The 2016 Summer Olympics in Rio will push new limits of innovation for the world’s biggest sporting event.
Starting August 5th, all eyes are on the Rio Olympics. While much of the advance publicity has focused on the logistical challenges of pulling off this year’s event, the 2016 Games will also be a platform for brands to showcase advanced technology.
“It will be the most sophisticated and technologically forward-looking presentation by a lot,” said Comcast CEO Brian Roberts said during a May presentation at The Internet and Television Expo in Boston. “It will be a technological marvel.”
Viewership is expected to be bigger than ever. Just one hour ahead of the East Coast of the US, Brazil’s time zone means record numbers of Americans are expected to tune in. As of March, NBC had surpassed $1 billion in advertising sales from Rio, hitting the target four months earlier than it did for the 2012 London games.
The biggest tech stories from the Olympics revolve around elite sports, but these high-end experiments can also point to new technologies that are poised to break into the mainstream.
Under Armour is showcasing its first line of commercially available 3D-printed sneakers, called Architech. Swimmer Michael Phelps will sport a custom-designed pair of the kicks, which use a 3D-printed sole for a highly customized fit for athletic performance. The first version of the shoe, launched in March, sold out in under 20 minutes.
The Nike Zoom Superfly Elite, designed for Olympic sprinters, was also created using 3D printing. A digital algorithm designed the shoe’s honeycomb-like base, which allows for stiffness without weight. The Rio Games will also be the first to feature Nike’s AeroSwift fabric. Tiny triangular silicon spikes are 3D printed into the Nike fabric, redirecting air flow around runners to reduce drag.
New wearables technology will be everywhere in Rio. The US cycling team will use the brand-new Solos smart eyewear, a Google Glass-like interface that streams performance data directly into the athlete’s field of vision. The Solos app also syncs with nearly any wearable device, for customized performance data. Voice commands and audio alerts show how fitness tracking might be integrated with other technology for future athletes.
The Whoop also points to a future of wearables inspired by elite athletes. The 24/7 tracker monitors metrics like sleep and heart rate, and is geared toward analyzing recovery and performance. Unlike other fitness trackers, however, the Whoop app also offers predictive analysis for coaches, suggesting when an athlete might be at peak times. Athletes like swimmer Ryan Lochte and wrestler Adeline Gray have used Whoop in training for Rio. Beginning in July, the Whoop was opened up for pre-order to non-elite athletes.
In the run-up to the games, San Francisco-based Halo Neuroscience is testing transcranial direct stimulation. Several Olympic athletes are using the company’s Halo Sport, a device that looks like headphones. Halo Sport delivers low-voltage electric current to the motor cortex, which stimulates neural networks and improves cognitive abilities. Launched in February, the technology will see its first public test at the Rio Olympics.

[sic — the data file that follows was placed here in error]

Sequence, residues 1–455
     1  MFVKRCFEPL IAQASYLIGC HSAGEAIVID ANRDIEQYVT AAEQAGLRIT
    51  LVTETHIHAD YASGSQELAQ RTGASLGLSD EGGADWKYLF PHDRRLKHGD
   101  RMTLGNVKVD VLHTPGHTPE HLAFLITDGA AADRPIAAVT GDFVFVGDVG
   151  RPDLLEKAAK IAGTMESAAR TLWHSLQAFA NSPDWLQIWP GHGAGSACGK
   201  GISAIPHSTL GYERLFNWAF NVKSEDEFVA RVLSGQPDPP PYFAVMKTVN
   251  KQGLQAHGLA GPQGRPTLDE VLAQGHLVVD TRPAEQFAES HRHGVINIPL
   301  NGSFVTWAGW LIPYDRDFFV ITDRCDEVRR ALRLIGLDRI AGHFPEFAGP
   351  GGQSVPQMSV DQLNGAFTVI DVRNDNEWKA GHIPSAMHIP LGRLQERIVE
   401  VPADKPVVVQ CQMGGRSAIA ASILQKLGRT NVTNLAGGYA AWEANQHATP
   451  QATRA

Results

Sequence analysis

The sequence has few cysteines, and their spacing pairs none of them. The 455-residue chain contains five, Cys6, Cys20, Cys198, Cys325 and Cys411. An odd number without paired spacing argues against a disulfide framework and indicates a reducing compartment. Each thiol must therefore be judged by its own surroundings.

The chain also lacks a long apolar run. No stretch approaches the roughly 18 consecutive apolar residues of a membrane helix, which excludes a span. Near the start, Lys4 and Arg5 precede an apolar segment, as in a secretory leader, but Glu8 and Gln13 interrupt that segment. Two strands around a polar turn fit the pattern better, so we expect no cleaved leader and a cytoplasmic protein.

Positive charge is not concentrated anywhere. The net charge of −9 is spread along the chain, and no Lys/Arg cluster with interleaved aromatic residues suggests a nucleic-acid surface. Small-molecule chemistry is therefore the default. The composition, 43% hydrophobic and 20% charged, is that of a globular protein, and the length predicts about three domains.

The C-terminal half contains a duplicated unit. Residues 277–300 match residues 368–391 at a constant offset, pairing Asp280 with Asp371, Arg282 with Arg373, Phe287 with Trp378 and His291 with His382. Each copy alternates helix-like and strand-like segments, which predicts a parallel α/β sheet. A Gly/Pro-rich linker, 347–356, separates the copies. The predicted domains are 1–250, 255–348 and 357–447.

Finally, Visa is launching a test run of its new debit rings, the wearable payment system backed by a major credit card company. The rings come in white or black, are waterproof and require no charging. The rings are reloadable and function at touch card readers around in the world. At the Olympics, 45 athletes will test the technology, which Visa hopes to deploy to the wider public if it proves successful.
The Rio Olympics will be the first to be covered in virtual reality—with an ambitious scope. The Olympics Broadcasting Service will produce 85 hours of VR programming, capturing the opening and closing ceremonies, as well as and other highlights. Programming will be distributed to partners including NBC and the BBC. Customized cameras, shaped like bowling balls, have been designed to capture the action in 3D.
“The world’s greatest sporting event is always a showcase for cutting edge technology, and we’re thrilled to partner with Samsung and OBS to bring our viewers even closer to compelling Olympic action with virtual reality,” said Gary Zenkel, President of NBC Olympics, in an announcement. “Olympic fans can be transported to iconic venues such as Maracana Stadium for an unprecedented view of the Opening Ceremony, and Copacabana Beach for an immersive beach volleyball experience in the sport’s ultimate setting.”
As the official photographic agency of the Games, Getty Images will also equip each photographer with a 360-degree camera. The Rio Olympics represents one of the company’s biggest forays into VR since launching a dedicated VR division in June. Dawn Airey, CEO of Getty Images, said the company is preparing for a “tectonic plate shift” in VR, with 14 million VR consoles expected to sell in 2016.
If successful, the Rio Olympics could be a new blueprint for how VR coverage is used in sports and other live events, like the 2018 FIFA World Cup in Russia or the 2020 Olympics in Tokyo. By putting on-demand cable subscribers at the center of the action, TV producers will be able to gauge consumer reaction as a bellwether for the future of VR coverage.